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Friday, August 28, 2015

MLC Reads: August 28, 2015

Oh, the books! The siren call of the printed page! (Or the eReader...)

The Other Typist
Suzanne Rindell
four stars

Set in America in the 1920s when liquor was illegal and women were bobbing their hair, we meet Rose. Rose is a typist in a police precinct; her life is boring and predictable until the other typist is hired. Rose's life soon changes! Hold onto your hats for a gin-drinking, women-smoking, and speakeasy good time. But be cautious... what you're reading may very well not be entirely the complete truth. (After finishing this book, we're still scratching our heads over all the plausible plots.) Something to look forward to when you finish reading The Other Typist: the film rights have already been purchased.

Mississippi Trial, 1955
written by Chris Crowe
five stars

Mississippi Trial, 1955 is a strong introduction for middle schoolers to the civil rights era in Mississippi. Although the book's centers around a young white protagonist, the tragic story of Emmett Till is told in a way that pre-teens can grasp. Chris Crowe has a pretty way with words, too. One of our favorite quotes from the book was,
"Maybe God put different kinds of people on earth so we could all learn to get along."
Highly recommended, especially with a group discussion.

written and illustrated by Noelle Stevenson
five stars

Nimona is a terrific graphic novel! Nimona is a young shapeshifter looking to join forces with villainous Lord Ballister Blackheart. A twist of fate marks the unlikely pair as heroes. Witty dialog and vibrant illustrations entertained us from beginning to end. We can't wait to read more by Noelle Stevenson. (Lumberjanes is on our radar!)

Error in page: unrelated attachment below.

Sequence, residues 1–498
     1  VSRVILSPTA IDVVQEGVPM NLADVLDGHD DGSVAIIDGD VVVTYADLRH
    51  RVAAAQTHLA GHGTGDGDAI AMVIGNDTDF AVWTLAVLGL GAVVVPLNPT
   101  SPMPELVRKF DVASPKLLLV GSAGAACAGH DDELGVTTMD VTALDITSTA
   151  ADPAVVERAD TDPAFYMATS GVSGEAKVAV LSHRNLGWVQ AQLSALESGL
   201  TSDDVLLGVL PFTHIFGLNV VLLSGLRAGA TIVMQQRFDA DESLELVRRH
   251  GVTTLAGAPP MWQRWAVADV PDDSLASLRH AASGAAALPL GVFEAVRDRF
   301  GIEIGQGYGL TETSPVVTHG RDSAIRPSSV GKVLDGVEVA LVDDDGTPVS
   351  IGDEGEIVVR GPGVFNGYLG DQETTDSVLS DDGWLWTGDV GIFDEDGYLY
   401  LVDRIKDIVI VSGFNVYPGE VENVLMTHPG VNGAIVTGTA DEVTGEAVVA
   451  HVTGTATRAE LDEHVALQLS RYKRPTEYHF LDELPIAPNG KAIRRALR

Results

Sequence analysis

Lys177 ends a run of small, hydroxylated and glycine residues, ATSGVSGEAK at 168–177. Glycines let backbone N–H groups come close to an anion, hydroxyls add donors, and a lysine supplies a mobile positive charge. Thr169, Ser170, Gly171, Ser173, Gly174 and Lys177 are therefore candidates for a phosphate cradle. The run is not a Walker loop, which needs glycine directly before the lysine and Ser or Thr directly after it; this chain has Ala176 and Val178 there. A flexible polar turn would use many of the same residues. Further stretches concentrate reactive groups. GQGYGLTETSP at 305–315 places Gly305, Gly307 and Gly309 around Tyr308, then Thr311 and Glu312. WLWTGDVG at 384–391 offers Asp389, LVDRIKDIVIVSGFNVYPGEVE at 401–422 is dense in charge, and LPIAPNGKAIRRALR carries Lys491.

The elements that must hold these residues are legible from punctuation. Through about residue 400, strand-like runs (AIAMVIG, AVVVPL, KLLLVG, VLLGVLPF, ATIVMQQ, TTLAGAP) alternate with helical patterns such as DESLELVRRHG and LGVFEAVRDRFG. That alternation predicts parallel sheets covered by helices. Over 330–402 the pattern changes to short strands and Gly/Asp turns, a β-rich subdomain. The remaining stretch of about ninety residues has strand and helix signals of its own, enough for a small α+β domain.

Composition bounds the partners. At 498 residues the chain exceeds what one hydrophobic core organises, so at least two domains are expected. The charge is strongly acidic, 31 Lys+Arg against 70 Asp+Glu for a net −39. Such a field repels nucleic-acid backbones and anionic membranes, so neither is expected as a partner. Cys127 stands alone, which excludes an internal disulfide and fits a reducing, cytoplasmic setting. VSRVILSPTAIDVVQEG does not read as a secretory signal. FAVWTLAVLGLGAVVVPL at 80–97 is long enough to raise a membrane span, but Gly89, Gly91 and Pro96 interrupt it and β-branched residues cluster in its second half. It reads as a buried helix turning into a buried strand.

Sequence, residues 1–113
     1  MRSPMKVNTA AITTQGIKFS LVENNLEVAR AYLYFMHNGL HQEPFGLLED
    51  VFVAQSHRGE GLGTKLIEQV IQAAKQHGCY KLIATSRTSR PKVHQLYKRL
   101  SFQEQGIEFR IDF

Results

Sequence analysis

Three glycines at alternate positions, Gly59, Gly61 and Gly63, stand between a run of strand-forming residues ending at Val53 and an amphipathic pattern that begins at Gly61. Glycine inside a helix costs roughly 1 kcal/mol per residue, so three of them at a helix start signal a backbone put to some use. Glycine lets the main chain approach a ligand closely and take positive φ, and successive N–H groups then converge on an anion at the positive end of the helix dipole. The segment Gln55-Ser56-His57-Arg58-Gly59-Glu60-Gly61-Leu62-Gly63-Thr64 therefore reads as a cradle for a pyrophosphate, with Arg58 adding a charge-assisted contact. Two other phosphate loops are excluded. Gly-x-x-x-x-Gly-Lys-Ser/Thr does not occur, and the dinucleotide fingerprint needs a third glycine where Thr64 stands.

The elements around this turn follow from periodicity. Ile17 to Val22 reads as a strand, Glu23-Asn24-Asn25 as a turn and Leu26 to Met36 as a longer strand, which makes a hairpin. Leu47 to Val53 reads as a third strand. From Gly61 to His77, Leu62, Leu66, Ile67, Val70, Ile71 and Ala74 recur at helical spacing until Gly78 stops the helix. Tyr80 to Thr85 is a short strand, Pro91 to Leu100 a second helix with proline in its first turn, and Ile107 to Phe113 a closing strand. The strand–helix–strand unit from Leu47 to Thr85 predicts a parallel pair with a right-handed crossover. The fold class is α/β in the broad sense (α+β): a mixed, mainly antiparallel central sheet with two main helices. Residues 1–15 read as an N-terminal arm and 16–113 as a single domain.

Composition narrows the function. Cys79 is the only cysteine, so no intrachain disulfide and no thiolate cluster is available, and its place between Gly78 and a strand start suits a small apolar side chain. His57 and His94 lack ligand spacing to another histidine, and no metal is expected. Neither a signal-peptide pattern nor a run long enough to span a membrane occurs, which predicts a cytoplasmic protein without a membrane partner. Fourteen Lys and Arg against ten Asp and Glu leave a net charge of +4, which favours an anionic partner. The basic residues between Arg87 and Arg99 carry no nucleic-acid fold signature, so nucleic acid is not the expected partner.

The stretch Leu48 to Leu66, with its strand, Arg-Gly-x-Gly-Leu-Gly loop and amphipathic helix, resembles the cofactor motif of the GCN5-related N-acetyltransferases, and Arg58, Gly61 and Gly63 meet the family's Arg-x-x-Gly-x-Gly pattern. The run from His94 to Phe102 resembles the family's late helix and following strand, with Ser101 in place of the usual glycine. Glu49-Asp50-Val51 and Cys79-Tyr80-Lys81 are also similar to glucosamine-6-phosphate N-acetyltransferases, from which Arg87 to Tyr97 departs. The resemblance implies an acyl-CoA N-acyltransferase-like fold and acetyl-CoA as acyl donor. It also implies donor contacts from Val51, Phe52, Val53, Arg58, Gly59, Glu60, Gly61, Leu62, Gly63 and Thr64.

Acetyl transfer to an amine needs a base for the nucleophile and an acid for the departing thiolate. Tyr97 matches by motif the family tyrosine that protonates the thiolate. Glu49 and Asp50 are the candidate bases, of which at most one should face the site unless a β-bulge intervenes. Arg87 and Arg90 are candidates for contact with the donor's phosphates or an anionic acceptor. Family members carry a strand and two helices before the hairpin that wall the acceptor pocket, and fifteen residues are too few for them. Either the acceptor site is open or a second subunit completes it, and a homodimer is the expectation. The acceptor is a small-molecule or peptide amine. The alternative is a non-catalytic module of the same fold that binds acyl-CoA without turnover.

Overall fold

The Lion & the Mouse
written and illustrated
by Jerry Pinkney
five stars

Jerry Pinkney, an incredible artist, takes on Aesop's fable about a lion and a mouse. This picture book only contains a few "words"-roar and squeak are prominent-but more words are actually unnecessary. Youngsters will be attracted by the large, colorful pictures and will enjoy being able to "read" this one by themselves, making it a great jumping off place for book discussions.

 Death of Innocence:
The Story of the Hate Crime that Changed America
forward by the Rev. Jesse L. Jackson
written by Mamie Till-Mobley and Christopher Benson
five stars
The way I looked at it, discrimination was somebody else's problem... That's all Bo would know. In time, he would also know whites, children in school, even adults he would do business with. We made sure he would never be self-conscious around them. He would not see the signs, or the attitudes behind the facades. For him, they would not exist. There would come a time, though, when that strength would make him vulnerable.
Mamie Till-Mobley's only child, Emmett Louis Till, was murdered by white racists in Mississippi on this day, August 28, in 1955. This is her insightful story: of being black, of being a woman, of having a sheltered childhood and a difficult birthing and impossible husbands. The legendary Emmett Till becomes so much more than a historical figure in the hands of his mother and a living, breathing boy steps from the pages. The horrors that he and his mother endured also spring to life, so beware--this can be a tough read at times. It's worth it, though, to stick with it until the end. Till-Mobley's spirit and soul are beautiful. We could all take a page from her book.

We've got these fun reads lined up for next week.
  • In the Unlikely Event
    written by Judy Blume
  • The Miseducation of Cameron Post
    written by Emily M. Danforth
  • Dear Hank Williams
    written by Kimberly Willis Holt
  • The Silence of Our Friends
    written by Mark Long and Jim Demonakos
    illustrated by Nate Powell
  • North Toward Home
    written by Willie Morris
Until then, happy reading!

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